NAIROBI (Reuters) -Forces from Ethiopia’s northern region of Tigray conceded on Tuesday that they had lost control of the populous town of Shire to the Ethiopian military and their allies, while the government signalled it believed it was winning on the battlefield.
Ethiopia’s army and allies including troops from neighbouring Eritrea have been battling Tigray forces on and off since late 2020, a conflict that has killed thousands, displaced millions and left hundreds of thousands on the brink of famine.
“If we don’t defend ourselves against our enemies, they will continue the atrocities,” the Tigray authorities said in a statement.
The United Nations human rights office said it was concerned that some air strikes by Ethiopian government forces in Tigray had been indiscriminate.
Shire, located 140 km (90 miles) northwest of Tigray’s regional capital Mekelle, is one of the region’s biggest towns and hosts ten of thousands of people who were displaced from other areas by the conflict.
Spokespersons for the Ethiopian government and army and for the Eritrean government did not respond to requests for comment on events in Shire.
Redwan Hussien, National Security Adviser to Ethiopia’s Prime Minister Abiy Ahmed, said the conflict was not spiralling — a thinly veiled rebuke of U.N. Secretary General Antonio Guterres who said on Monday it was spiralling out of control.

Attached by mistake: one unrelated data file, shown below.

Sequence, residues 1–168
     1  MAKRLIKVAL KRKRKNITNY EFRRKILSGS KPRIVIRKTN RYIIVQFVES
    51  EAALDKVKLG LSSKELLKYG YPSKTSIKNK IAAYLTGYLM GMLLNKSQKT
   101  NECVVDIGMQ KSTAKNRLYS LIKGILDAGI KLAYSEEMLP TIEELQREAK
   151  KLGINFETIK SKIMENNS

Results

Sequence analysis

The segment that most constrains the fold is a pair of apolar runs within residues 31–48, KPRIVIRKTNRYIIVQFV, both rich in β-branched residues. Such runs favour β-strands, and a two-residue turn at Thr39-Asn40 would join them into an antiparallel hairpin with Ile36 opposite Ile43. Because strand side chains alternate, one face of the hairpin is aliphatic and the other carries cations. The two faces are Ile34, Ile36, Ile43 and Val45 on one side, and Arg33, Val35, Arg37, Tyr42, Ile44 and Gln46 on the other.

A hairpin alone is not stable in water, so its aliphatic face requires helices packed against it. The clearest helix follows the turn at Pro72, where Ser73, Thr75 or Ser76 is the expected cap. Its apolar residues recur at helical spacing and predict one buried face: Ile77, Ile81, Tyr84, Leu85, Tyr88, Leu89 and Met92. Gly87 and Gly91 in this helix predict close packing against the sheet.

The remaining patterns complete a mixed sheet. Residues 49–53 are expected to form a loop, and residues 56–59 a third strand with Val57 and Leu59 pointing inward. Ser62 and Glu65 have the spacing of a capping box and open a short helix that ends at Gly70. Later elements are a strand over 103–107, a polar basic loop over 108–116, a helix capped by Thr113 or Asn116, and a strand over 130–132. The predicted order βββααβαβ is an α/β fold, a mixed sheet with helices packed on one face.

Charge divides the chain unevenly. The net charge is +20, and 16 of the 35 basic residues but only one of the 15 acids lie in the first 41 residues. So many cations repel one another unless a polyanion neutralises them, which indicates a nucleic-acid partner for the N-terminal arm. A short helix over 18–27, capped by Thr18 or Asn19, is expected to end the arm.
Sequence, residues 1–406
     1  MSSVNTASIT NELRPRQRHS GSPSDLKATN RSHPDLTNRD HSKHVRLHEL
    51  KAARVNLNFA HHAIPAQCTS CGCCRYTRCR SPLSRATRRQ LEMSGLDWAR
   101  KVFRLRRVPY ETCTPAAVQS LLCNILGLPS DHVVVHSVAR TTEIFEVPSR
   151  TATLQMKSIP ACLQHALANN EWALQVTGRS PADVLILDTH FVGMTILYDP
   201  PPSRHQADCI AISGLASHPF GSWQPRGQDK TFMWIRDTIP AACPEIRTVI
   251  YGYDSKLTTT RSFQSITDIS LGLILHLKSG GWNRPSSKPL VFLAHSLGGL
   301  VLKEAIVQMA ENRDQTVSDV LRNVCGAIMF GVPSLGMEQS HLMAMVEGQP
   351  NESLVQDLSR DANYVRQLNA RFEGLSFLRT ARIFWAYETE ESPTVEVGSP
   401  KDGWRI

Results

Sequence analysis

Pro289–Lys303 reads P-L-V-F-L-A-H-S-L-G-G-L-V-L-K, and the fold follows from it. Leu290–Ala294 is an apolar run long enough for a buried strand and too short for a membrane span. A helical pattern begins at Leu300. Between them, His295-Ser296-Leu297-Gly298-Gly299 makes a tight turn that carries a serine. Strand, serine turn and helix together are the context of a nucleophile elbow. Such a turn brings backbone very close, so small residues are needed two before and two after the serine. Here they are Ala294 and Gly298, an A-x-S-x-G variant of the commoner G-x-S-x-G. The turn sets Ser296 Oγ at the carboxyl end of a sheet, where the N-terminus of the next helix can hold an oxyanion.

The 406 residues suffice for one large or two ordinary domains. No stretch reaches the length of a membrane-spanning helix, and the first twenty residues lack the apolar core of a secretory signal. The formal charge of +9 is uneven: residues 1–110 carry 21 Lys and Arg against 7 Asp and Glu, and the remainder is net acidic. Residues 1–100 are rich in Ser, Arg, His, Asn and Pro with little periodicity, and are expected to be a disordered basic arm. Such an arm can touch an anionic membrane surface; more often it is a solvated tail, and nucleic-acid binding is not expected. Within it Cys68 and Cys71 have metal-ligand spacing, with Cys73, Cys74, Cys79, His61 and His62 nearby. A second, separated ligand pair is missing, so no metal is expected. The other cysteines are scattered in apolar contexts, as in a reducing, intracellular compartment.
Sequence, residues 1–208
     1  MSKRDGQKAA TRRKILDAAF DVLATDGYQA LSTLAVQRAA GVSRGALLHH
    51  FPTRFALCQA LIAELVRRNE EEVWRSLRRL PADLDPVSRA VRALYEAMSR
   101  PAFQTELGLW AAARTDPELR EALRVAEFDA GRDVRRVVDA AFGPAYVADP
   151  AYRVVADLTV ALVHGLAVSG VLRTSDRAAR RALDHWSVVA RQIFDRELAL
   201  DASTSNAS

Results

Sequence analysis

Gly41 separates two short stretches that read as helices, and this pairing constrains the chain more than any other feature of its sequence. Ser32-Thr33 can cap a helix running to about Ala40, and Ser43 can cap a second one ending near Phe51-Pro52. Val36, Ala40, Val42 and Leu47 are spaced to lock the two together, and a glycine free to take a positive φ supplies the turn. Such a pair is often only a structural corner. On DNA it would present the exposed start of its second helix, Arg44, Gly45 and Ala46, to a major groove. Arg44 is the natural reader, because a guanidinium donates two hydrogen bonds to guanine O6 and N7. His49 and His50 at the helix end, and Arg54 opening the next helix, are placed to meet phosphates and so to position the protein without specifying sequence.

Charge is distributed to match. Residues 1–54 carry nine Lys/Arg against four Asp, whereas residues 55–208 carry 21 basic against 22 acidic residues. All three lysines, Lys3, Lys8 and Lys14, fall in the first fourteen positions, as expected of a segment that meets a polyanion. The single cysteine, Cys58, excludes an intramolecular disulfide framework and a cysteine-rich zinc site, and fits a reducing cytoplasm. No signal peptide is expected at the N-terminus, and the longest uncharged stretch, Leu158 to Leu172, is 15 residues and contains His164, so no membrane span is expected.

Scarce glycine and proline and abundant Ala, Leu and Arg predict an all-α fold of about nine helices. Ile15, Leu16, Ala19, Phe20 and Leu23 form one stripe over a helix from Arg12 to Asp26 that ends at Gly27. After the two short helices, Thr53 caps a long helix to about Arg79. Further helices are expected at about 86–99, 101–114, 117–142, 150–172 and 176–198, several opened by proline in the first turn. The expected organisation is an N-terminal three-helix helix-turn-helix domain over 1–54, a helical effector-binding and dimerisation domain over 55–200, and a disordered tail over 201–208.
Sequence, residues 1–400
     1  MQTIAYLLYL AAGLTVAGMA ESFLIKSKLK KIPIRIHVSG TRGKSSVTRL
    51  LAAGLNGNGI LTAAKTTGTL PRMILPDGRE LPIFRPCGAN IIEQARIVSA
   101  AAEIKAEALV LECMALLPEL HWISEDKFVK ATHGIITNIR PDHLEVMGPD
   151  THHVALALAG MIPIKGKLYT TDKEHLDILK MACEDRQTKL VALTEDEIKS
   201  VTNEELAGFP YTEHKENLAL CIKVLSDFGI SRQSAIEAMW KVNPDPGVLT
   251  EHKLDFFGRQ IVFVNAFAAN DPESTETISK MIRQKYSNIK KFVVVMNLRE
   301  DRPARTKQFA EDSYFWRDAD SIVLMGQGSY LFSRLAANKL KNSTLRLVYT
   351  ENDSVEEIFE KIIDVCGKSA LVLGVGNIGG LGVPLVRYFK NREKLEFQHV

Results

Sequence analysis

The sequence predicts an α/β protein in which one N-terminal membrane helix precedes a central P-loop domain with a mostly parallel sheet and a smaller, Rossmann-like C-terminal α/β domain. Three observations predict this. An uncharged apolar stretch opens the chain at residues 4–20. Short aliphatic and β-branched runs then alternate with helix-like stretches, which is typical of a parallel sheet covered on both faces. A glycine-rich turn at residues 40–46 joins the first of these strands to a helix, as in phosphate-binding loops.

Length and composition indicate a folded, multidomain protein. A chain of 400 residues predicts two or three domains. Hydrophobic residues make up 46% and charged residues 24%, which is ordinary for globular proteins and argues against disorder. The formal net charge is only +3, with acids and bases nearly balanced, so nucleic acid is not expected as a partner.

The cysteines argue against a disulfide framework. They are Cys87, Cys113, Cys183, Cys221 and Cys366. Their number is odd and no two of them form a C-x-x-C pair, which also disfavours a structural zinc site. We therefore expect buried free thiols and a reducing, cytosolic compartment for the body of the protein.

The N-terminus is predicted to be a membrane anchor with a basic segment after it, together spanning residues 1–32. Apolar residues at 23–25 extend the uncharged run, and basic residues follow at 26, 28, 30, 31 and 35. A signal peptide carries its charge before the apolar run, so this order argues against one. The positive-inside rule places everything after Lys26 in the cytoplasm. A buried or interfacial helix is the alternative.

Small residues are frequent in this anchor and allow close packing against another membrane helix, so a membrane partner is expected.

“It was spiralling when being expanded to other regions. Now, it’s just being extinguished & degenerating. Aid & services (to Tigray) to follow soon!” Redwan said, suggesting the government believed it was making decisive military gains.
Tigray forces had advanced into neighbouring regions and towards the Ethiopian capital Addis Ababa late last year before being pushed back.
Redwan said the government was waiting for the African Union to announce a date for peace talks to start.
The conflict is rooted in long-running rivalries between regional power blocs over control of Ethiopia as a whole and in deep disagreements over how power should be balanced between federal and regional authorities.
The United Nations, the European Union and several senior U.S. government officials have all called in recent days for an immediate ceasefire, for African Union-sponsored talks to get started and for Eritrean troops to withdraw from Ethiopia.
A Tweet on Tuesday by Eritrea’s Information Minister Yemane Meskel appeared to hit back at critics and accuse them of being biased in favour of the Tigray People’s Liberation Front (TPLF), the dominant political party in the region and a sworn enemy of Eritrea.
“Sadly, familiar pattern is again in full display: provide tacit support to TPLF when it unleashes reckless offensives by rejecting all peaceful avenues & raise specter of humanitarian catastrophe when on retreat,” he wrote. He did not say who he was accusing of tacitly supporting the TPLF.
Eritrea is an authoritarian, highly militarised state that does not brook criticism or allow independent media scrutiny.